Advocates for added flexibility in criminal sentencing took their appeal to the U.S. Sentencing Commission, which heard testimony in Chicago this week as part of the agency’s first nationwide series of public hearings since federal sentencing guidelines took effect 22 years ago, reports the Washington Post. Criminal justice reform proponents have long pushed the federal government to back alternatives to incarceration and more flexible sentencing for drug, child pornography and other convictions.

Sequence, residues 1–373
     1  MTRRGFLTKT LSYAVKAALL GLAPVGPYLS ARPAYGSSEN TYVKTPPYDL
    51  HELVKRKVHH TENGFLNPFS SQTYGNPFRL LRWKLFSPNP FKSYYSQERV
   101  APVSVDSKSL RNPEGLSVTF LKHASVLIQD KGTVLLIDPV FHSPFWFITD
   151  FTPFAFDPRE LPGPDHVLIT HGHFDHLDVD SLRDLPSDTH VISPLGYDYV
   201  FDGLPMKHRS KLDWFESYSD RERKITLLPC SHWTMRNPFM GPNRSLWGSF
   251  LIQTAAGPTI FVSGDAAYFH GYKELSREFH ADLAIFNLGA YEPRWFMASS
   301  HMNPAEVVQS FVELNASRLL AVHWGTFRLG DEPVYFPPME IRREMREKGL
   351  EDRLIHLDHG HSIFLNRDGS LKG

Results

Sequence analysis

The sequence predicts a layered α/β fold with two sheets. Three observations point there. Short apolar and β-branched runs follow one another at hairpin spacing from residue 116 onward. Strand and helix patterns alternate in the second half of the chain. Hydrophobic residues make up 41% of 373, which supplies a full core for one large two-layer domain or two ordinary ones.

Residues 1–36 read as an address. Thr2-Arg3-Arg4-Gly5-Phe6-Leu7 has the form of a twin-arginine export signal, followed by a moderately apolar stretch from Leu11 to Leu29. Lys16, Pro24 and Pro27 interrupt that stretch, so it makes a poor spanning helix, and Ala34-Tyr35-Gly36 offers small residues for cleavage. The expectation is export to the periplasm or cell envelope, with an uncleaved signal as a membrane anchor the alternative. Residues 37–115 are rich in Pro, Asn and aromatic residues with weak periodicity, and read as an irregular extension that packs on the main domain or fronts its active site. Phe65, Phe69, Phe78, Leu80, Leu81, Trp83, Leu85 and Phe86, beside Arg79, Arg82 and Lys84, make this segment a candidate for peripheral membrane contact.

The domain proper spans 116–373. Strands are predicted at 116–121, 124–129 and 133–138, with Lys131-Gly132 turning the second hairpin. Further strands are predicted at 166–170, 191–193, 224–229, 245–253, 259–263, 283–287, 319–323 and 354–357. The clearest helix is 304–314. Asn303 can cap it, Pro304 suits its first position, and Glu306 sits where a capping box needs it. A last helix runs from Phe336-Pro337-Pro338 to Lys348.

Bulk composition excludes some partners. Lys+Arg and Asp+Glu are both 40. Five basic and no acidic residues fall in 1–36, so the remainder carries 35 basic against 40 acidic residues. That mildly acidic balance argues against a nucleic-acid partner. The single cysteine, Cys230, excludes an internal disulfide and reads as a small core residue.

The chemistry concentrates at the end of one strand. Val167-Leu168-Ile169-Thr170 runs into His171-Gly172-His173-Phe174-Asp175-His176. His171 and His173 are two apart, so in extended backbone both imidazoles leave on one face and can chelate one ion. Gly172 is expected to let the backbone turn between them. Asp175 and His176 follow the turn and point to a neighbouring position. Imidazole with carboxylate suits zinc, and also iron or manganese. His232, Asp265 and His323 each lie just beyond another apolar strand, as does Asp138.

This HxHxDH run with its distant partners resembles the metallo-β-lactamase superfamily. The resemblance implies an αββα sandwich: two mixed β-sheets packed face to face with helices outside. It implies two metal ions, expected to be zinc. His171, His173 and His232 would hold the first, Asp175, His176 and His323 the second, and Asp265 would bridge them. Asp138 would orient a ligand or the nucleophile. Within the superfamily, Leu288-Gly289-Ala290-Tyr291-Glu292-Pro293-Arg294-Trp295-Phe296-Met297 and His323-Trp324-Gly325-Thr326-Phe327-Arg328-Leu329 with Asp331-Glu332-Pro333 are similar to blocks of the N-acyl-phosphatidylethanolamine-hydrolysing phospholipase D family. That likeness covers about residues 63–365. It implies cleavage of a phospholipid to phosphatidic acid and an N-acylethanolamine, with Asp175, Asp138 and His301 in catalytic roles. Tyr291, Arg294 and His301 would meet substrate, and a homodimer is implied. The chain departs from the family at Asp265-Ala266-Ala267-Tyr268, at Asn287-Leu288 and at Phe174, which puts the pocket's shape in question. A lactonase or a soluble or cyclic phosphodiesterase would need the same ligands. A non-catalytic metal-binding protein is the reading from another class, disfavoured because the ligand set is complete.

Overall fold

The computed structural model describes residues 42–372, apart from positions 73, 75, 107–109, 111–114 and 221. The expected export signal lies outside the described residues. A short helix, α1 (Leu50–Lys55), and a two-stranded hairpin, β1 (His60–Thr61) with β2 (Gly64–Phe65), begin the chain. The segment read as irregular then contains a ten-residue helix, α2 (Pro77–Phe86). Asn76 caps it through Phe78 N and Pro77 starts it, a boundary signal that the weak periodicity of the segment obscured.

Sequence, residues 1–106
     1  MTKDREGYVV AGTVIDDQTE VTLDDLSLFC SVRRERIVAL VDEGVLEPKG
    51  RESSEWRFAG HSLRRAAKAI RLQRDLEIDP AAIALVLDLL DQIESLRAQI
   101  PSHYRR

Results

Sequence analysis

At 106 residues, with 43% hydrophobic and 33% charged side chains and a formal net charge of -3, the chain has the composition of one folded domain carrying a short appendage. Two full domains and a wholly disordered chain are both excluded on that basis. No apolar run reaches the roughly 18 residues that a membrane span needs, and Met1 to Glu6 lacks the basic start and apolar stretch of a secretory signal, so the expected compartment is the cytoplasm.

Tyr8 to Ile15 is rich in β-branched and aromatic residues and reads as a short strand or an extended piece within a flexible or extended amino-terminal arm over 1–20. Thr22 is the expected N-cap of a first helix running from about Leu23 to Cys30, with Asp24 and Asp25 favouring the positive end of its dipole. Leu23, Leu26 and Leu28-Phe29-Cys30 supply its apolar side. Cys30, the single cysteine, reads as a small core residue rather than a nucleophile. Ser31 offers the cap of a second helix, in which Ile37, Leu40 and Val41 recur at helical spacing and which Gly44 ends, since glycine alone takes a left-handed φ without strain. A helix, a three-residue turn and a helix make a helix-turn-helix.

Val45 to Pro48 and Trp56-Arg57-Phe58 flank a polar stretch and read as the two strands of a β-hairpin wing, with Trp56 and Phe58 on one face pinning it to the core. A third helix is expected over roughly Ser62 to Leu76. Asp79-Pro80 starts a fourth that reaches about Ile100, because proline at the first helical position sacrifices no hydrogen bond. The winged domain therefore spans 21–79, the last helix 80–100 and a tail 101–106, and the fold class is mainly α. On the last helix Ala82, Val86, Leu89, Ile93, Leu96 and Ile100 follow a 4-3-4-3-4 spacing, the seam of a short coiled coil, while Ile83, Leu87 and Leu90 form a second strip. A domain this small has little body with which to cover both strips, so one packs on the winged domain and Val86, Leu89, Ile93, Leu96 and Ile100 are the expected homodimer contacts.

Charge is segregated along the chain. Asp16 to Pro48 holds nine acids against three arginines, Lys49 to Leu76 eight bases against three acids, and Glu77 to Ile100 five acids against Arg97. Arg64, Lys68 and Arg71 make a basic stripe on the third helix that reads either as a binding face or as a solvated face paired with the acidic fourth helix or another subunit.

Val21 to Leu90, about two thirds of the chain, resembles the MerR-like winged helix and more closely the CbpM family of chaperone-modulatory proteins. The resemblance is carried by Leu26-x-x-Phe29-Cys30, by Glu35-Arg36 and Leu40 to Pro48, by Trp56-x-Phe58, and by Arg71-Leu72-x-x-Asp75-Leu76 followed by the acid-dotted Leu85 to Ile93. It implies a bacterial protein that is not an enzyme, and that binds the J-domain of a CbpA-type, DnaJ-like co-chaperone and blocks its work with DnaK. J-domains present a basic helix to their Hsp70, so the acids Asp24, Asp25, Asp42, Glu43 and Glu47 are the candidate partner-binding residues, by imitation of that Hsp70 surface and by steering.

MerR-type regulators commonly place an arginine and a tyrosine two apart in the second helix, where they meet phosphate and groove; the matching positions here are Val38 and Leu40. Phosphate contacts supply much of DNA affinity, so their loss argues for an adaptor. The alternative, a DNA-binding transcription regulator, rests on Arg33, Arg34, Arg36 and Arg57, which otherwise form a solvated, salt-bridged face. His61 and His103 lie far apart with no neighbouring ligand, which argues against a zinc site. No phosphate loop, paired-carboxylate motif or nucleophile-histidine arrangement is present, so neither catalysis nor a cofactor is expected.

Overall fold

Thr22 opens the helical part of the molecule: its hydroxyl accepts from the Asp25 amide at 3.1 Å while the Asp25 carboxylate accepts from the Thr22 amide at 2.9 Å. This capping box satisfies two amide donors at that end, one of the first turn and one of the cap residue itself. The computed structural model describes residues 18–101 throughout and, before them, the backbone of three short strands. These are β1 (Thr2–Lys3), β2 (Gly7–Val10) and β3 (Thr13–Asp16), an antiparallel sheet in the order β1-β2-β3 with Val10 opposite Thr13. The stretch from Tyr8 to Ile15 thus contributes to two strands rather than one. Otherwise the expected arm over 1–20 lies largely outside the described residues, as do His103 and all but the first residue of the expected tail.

While past critics of federal guidelines criticized them for removing judges’ discretion, others in law enforcement and advocacy want to use the guidelines to promote alternative sentencing. They said they think the commission is increasingly receptive to that idea. Kentucky Justice and Public Safety Cabinet Secretary J. Michael Brown, who called the commission “the NASA of sentencing stuff,” lamented states passing strict laws targeting “the drug du jour” only to end up “with prison systems bursting at the seams with people who aren’t the most dangerous to society.” David Kennedy of John Jay College of Criminal Justice urged the commission to promote new strategies for dealing with gangs, including an approach wherein judges and prosecutors are more lenient if gangs cease their activities.